Journal #101 - Editorial: “Navigation Beyond Vision”
Journal #101
Summer 2019
Journal #101 - June 2019

Editorial: “Navigation Beyond Vision”

Today one may complain that life has been reduced to points in a matrix of relations—cities, territories, and historical narratives prematurely refined into categories of known and unknown, real and virtual, concrete and abstract space. And yet, when we need to locate a crucial resource (or ourselves, for that matter) who can afford not to search the grid for what everybody knows to be there?—the Italian restaurant, the emergency room, the ancestor, the terrorist. This is not simply about seeing; by definition, navigation organizes timescales and orders of magnitude that cannot be visualized simultaneously. Furthermore, in attempting to map and record various terrains and domains, contemporary navigators are themselves mapped and recorded at the same time. Super-modernity’s expansive enclosures of global infrastructure, time-zone logistics, and data behaviorism become external abstractions as much as computational and territorial facts.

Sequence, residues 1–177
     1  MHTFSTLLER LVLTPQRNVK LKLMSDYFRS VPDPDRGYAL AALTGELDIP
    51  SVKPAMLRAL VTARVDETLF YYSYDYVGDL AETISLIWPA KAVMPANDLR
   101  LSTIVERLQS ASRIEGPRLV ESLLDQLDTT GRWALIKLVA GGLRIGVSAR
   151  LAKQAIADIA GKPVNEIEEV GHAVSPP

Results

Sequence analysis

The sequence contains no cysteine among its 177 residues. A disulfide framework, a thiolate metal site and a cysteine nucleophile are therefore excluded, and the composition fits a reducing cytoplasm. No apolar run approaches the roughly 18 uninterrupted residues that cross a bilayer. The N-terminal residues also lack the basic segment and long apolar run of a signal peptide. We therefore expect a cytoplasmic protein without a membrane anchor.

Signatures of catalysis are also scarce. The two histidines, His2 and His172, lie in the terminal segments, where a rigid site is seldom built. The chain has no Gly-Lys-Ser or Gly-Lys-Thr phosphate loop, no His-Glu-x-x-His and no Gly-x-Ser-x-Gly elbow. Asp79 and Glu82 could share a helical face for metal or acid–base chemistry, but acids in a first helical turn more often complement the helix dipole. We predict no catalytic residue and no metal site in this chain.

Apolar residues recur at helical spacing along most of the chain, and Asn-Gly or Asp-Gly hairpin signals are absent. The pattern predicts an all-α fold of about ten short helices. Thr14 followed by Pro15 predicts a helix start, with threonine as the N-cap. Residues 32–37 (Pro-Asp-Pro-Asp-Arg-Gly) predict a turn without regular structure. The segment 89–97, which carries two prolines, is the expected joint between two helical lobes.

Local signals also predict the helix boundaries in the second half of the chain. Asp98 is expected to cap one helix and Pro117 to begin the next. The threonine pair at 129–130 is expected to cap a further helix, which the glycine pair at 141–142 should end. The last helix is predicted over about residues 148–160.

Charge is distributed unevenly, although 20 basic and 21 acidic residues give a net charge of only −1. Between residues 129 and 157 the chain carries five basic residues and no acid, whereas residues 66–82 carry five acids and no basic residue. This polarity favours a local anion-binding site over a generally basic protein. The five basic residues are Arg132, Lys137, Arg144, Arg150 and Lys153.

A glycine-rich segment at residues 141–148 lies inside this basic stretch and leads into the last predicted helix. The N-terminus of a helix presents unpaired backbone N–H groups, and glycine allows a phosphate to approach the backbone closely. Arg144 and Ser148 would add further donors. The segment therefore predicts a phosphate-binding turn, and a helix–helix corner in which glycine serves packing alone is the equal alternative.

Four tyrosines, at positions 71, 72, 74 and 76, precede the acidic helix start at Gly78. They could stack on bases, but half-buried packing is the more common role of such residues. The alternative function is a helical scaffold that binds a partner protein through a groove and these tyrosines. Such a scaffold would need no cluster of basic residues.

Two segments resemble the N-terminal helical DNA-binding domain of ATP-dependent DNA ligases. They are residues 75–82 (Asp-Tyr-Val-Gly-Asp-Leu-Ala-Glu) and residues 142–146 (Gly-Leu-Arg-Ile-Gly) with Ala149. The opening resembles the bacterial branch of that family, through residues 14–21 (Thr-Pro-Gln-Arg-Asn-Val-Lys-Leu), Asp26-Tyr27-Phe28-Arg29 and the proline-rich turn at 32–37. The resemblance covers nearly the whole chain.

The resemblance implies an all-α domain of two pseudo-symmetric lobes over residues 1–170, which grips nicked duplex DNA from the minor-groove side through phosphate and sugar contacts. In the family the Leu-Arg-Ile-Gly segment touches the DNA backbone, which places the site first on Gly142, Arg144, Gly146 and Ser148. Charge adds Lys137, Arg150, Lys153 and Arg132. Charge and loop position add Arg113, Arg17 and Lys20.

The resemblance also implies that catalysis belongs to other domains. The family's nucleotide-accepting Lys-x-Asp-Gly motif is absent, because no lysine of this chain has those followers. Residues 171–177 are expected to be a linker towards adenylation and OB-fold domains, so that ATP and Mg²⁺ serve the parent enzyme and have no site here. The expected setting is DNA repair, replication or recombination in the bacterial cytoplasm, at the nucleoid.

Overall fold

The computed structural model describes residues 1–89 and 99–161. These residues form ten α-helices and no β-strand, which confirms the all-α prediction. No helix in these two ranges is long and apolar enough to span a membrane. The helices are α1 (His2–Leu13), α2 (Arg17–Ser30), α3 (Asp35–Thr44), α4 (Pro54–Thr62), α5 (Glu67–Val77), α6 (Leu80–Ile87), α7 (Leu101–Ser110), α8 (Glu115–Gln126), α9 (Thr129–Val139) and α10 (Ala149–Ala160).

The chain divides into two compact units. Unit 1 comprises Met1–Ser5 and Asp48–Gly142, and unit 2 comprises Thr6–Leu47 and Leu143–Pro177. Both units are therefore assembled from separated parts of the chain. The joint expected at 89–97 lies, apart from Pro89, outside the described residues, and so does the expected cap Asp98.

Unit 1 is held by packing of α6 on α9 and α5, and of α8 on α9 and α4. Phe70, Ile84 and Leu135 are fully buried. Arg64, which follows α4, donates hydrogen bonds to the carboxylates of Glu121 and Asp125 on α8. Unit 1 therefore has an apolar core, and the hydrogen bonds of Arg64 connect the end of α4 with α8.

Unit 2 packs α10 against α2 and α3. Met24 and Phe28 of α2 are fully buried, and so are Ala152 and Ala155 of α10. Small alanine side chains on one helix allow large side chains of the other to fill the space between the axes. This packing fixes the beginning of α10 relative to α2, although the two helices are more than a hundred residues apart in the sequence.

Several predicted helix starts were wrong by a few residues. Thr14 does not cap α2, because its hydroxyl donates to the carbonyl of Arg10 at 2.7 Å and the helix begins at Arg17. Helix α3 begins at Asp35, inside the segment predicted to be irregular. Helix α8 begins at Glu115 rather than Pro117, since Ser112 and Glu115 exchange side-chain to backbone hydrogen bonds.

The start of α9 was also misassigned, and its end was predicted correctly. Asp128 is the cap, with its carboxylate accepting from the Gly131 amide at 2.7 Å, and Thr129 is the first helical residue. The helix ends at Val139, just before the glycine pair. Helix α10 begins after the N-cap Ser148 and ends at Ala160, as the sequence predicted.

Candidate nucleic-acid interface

“A computer animation is less a reproduction and more a production ... or creation of a model world,” said Harun Farocki in a lecture only a few weeks prior to his untimely death in 2014. In this lecture, titled “Computer Animation Rules,” Farocki seemed to suggest that navigation poses a contemporary challenge to montage—the editing of distinct sections of film into a continuous sequence—as the dominant paradigm of techno-political visuality. Indeed, it is nearly impossible to underestimate the influence of cinema on the televisual imagination of twentieth-century spatial-political life. If montage is the core formal device for concatenating space and time into a continuous causal sequence, then for Farocki, the computer-animated, navigable images that constitute the twenty-first century’s “ruling class of images" call for new tools of analysis. Drawing on Alexander Galloway’s concept of “actionable objects” in gamespace, Farocki began to ask: How does the shift from montage to navigation alter the way images—and art—operate as models of political action and modes of political intervention?